NJ DE and MD Top 2016 Foreclosure Rates

Foreclosures Fall Nationally

According to ATTOM Data Solutions, foreclosure filings on 933,045 fall 14% for U.S. properties for 2016 from 2015. This is the lowest level since 2006, when there were foreclosure filings on 717,522 U.S. properties.

The report found that that 0.70% of all U.S. housing units had at least one foreclosure filing in 2016, which is the lowest annual foreclosure rate nationwide since 2006, when that figure was 0.58% of housing units.

The new data for December 2016 show that there were 85,919 U.S. properties with foreclosure filings, which was down 1% from November 2016 and down 17% from 2015. December represented the 15th consecutive month with a year-over-year decrease in foreclosure activity.

A total of 379,437 U.S. properties were repossessed by lenders (REO) in 2016, down 16% from 2015 and down 64% from the peak of 1,050,500 in 2010 to the lowest level since 2006.

A total of 478,857 U.S. properties started the foreclosure process in 2016, down 16% from 2015 and down 78% from the peak of 2,139,005 foreclosure starts in 2009 to the lowest level since ATTOM began tracking foreclosure starts in 2006.

New Jersey, Delaware, Maryland post top state foreclosure rates in 2016

21 states and the District of Columbia posted a year-over-year increase in REOs in 2016, including Massachusetts +61%; Alabama +32%; New York 21%; Virginia +9%; and New Jersey +4%.

States with the highest foreclosure rates in 2016 were New Jersey 1.86% of housing units with a foreclosure filing); Delaware 1.51%; Maryland 1.37%; Florida 1.18%; and Illinois 1.10%.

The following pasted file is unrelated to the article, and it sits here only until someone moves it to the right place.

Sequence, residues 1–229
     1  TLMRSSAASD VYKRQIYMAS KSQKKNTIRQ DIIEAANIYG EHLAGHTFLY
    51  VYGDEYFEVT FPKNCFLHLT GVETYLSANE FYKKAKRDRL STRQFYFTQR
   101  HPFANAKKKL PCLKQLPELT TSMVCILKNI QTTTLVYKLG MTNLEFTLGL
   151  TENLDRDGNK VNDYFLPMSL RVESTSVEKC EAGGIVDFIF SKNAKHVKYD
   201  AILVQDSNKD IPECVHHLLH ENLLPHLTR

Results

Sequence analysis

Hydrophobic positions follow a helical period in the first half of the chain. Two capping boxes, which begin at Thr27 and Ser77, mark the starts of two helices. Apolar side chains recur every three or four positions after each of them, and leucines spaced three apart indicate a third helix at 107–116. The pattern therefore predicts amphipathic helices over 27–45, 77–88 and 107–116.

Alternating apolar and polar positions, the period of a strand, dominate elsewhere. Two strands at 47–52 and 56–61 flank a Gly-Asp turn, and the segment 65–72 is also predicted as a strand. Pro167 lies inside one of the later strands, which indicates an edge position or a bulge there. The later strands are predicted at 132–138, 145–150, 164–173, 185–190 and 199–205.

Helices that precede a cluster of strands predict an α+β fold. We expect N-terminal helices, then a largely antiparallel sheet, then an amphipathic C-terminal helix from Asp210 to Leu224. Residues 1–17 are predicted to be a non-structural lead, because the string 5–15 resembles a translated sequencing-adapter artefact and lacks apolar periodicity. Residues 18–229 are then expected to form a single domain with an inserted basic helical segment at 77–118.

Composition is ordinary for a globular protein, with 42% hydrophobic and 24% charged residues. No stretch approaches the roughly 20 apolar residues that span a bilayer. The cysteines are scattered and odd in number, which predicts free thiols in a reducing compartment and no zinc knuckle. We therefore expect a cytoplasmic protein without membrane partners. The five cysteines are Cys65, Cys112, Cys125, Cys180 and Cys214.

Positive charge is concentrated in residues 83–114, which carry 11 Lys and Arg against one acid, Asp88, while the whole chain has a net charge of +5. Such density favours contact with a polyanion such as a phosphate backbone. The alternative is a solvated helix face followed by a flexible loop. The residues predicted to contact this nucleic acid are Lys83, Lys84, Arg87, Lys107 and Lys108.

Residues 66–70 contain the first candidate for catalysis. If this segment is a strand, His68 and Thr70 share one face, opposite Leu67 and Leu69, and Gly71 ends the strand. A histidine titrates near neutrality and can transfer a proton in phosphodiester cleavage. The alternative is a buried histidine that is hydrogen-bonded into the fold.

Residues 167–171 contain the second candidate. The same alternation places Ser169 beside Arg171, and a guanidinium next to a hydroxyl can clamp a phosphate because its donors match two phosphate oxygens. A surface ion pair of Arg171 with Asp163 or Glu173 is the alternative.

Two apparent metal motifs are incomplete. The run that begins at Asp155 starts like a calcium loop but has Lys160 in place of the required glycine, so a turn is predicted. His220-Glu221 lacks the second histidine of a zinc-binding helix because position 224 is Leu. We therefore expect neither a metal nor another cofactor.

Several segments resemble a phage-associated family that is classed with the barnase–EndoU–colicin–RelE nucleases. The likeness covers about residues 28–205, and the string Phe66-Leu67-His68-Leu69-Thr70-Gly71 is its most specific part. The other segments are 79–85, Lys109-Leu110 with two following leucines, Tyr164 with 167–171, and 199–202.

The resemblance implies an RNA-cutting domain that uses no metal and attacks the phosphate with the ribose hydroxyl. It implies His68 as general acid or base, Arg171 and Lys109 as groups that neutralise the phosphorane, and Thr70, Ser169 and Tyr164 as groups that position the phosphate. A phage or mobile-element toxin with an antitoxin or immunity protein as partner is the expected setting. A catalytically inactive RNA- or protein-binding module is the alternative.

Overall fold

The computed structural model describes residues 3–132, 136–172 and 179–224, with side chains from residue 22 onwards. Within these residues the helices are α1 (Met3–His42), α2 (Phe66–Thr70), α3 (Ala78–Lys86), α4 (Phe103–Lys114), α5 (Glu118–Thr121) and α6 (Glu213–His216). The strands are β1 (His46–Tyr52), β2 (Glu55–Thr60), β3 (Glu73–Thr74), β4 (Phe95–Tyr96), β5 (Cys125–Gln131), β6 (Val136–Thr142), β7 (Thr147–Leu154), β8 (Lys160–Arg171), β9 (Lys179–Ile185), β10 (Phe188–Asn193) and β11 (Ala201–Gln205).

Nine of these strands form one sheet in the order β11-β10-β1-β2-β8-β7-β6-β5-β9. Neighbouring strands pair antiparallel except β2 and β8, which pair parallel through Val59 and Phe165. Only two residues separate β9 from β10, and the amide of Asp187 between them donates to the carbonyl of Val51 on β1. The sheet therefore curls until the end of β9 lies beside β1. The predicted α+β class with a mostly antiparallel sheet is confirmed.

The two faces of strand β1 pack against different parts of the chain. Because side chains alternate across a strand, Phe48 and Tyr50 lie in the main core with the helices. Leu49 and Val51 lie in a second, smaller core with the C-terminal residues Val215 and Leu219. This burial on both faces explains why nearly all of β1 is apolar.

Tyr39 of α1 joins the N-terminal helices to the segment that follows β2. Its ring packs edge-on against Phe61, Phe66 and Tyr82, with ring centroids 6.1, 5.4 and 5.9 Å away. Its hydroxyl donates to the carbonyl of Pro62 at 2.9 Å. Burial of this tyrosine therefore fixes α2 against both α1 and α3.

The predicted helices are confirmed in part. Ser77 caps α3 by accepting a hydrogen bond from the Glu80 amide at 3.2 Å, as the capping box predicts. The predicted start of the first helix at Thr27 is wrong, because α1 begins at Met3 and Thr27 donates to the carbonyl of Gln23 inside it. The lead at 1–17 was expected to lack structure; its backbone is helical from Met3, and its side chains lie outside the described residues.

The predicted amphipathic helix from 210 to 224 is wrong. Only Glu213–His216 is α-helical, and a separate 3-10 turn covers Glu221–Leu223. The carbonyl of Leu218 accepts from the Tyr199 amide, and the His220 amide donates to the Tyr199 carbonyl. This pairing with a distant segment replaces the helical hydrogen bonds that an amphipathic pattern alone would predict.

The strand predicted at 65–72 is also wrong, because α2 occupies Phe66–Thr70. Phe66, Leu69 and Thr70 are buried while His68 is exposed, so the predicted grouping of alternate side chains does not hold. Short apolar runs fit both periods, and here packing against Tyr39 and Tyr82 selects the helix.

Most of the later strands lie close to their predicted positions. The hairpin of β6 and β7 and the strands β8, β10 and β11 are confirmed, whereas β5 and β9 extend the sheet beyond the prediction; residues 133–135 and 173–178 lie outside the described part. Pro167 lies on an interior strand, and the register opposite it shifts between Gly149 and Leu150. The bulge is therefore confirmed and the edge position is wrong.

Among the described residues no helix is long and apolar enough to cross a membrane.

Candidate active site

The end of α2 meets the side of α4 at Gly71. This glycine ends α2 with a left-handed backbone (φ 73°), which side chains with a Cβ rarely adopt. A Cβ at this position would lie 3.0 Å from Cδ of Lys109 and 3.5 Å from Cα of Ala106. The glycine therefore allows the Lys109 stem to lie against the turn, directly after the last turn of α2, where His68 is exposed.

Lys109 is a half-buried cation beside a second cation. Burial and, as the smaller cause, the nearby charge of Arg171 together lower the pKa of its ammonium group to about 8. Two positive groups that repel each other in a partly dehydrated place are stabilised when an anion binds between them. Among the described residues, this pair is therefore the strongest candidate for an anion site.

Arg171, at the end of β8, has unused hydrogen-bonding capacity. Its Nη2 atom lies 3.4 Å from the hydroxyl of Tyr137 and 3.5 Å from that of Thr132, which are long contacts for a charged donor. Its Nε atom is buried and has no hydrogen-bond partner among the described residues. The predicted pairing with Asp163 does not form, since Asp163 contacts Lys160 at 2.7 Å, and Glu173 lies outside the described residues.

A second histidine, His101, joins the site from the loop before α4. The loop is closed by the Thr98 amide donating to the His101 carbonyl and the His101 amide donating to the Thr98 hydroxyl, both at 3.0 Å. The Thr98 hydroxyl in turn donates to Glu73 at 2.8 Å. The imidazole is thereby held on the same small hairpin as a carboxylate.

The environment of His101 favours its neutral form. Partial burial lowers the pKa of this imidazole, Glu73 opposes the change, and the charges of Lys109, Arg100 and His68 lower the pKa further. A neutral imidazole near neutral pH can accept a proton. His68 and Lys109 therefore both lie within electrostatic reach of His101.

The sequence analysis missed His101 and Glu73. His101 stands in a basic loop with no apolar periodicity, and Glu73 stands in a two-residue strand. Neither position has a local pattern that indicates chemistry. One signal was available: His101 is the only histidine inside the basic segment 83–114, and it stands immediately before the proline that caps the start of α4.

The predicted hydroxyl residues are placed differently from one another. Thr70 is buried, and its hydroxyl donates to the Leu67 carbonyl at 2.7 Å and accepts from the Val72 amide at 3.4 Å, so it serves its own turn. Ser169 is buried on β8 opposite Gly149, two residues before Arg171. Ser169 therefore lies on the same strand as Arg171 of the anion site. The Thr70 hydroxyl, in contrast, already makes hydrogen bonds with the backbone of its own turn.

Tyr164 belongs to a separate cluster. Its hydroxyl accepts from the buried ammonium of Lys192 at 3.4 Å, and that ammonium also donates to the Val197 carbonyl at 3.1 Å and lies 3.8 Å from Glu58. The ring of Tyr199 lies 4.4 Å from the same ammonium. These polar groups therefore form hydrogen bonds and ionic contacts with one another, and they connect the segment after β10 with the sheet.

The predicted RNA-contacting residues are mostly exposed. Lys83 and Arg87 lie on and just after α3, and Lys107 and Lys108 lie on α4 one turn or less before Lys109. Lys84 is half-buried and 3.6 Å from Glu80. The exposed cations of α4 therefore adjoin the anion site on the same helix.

Atlantic City, Trenton, Rockford post top metro foreclosure rates in 2016

Among 216 metropolitan statistical areas with a population of at least 200,000, those with the highest foreclosure rate in 2016 were Atlantic City, New Jersey 3.39% of housing units with a foreclosure filing; Trenton, New Jersey 2.16%; Rockford, Illinois 1.54%; Philadelphia 1.53%; and Lakeland-Winter Haven, Florida 1.46%.

Average time to foreclose jumps to new record high

+ U.S. properties foreclosed in the fourth quarter of 2016 had been in the foreclosure process an average of 803 days, a 29% jump from the previous quarter and a 27% increase from 2015 to the longest since ATTOM began tracking average foreclosure timelines in Q1 2007.

There were eight states where the average time to foreclose in the fourth quarter was more than 1,000 days: Utah (1,403); New Jersey (1,383); New York (1,283); Hawaii (1,220); Florida (1,186); Indiana (1,033); Illinois (1,024); and Pennsylvania (1,010).

Foreclosure activity increases in 12 states, 25 %of metro areas

12 states and the District of Columbia posted an increase in overall foreclosure activity in 2016 compared to 2015, including Delaware + 45%; Rhode Island +29%; Massachusetts +21%; Connecticut +21%; and Hawaii +20%.

Foreclosure starts increase in 15 states

15 states and the District of Columbia posted a year-over-year increase in foreclosure starts in 2016, including Delaware +37%; Connecticut +35%; Maine +30%; Rhode Island +26%; Arizona +15%; and Massachusetts +12%.

Howeowners Add $837 Billion in Total Equity

The real estate market has been gradually demonstrating that owning a home can be a smart way of creating significant wealth. Since 2011, home prices have been erasing many of the homes that have been under water due to the housing crisis of 2008-9.

According to Fanny Mae, during the first three quarters of 2016, howeowners across the nation saw a cumulative gain $837 billion in total equity.

This positive trend cuts two ways: firstly, homes are becoming more expensive, secondly, as interest rates creep higher from their historic lows, salaries and wages have not kept pace.

This is forcing Millennials to wait longer to make their first home purchase.